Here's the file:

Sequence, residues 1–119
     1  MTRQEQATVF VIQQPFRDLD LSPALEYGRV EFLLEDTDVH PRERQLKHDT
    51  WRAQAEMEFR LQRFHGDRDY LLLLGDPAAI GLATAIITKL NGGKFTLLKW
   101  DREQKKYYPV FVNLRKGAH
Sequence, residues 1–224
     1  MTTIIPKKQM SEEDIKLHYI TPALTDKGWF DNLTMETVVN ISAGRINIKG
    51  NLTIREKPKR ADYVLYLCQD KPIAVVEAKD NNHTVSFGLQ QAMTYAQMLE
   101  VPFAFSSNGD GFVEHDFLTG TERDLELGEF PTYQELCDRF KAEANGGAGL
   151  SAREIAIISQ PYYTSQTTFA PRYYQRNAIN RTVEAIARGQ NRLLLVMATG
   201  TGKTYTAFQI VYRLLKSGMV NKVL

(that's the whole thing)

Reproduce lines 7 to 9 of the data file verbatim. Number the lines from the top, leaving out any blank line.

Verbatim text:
    51  NLTIREKPKR ADYVLYLCQD KPIAVVEAKD NNHTVSFGLQ QAMTYAQMLE
   101  VPFAFSSNGD GFVEHDFLTG TERDLELGEF PTYQELCDRF KAEANGGAGL
   151  SAREIAIISQ PYYTSQTTFA PRYYQRNAIN RTVEAIARGQ NRLLLVMATG